Septic arthritis - Caidr
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Septic arthritis

Updated 04.04.2022
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Septic arthritis is not contagious to others. But it needs to be identified and treated as soon as possible to avoid irreversible joint damage and further risk to your health from sepsis. If you are concerned you have septic arthritis you should seek urgent medical attention. Septic arthritis is a significant problem but if treated early and the infection is cleared you should be able to avoid any long term problems to the joint or to your general health.

What are the symptoms?

Septic arthritis causes you to have a sudden onset of significant pain in a joint that is very difficult and painful to move. You will often feel generally unwell and the joint may feel warm and swollen. The knee joint is most commonly affected by septic arthritis. Certain people are more at risk of septic arthritis. These include people with a weakened immune system, people with rheumatoid arthritis, and people with an artificial joint.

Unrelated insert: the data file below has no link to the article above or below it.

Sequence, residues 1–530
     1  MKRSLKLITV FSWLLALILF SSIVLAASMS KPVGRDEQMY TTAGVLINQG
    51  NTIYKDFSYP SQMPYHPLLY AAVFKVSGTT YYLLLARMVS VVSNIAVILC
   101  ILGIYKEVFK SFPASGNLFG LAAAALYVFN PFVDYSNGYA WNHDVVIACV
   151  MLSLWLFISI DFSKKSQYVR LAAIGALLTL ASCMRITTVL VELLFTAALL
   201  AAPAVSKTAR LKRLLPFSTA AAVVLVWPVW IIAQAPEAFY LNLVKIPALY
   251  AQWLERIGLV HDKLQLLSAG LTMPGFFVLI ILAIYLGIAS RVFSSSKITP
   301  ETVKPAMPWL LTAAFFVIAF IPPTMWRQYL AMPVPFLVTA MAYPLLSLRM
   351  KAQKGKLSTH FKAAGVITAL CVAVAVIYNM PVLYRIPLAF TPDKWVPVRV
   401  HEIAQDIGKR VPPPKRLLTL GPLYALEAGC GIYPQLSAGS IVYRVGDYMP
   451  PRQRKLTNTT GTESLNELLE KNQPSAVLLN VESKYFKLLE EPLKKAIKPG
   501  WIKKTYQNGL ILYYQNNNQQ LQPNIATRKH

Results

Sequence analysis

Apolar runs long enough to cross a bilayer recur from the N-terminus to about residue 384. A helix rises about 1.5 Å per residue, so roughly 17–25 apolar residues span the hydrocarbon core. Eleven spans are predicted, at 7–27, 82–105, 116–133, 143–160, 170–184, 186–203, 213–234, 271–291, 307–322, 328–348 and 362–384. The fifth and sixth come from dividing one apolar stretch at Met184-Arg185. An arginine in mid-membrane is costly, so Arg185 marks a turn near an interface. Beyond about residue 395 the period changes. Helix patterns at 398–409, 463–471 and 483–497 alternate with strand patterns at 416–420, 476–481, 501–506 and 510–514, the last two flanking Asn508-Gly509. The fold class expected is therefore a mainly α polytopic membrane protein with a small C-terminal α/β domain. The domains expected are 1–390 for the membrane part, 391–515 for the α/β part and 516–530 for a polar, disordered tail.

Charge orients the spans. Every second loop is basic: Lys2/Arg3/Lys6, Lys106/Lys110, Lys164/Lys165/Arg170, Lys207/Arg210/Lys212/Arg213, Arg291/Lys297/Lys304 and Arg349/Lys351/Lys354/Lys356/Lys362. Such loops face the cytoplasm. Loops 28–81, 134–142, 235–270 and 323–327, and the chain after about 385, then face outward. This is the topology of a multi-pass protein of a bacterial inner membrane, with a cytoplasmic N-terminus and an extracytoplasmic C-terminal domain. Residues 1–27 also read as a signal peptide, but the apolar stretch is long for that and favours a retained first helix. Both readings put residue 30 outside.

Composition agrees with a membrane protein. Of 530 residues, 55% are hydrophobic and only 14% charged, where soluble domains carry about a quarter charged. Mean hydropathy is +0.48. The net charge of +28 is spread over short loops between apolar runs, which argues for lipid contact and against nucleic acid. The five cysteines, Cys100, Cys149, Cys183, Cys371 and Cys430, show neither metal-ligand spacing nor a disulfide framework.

Is it contagious?

Septic arthritis is not contagious to others. But it needs to be identified and treated as soon as possible to avoid irreversible joint damage and further risk to your health from sepsis. If you are concerned you have septic arthritis you should seek urgent medical attention. Septic arthritis is a significant problem but if treated early and the infection is cleared you should be able to avoid any long term problems to the joint or to your general health.

When should I see my doctor?

If you are concerned that you have septic arthritis you should seek urgent medical attention. Your doctor will examine you and may arrange additional investigations. If they suspect septic arthritis, they will refer you to hospital, where specialists will do blood tests and scanning, and they may take a sample of fluid taken from your joint to test for bacteria. Septic arthritis is treated with antibiotics – usually intravenous via a line at first, and later changed to antibiotic tablets. They may consider an operation to help clear the infection. Infection of an artificial joint, such as a total hip or knee replacement, is treated differently and in some cases may require an operation to remove or exchange the artificial joint. Again, this requires urgent medical attention if suspected.

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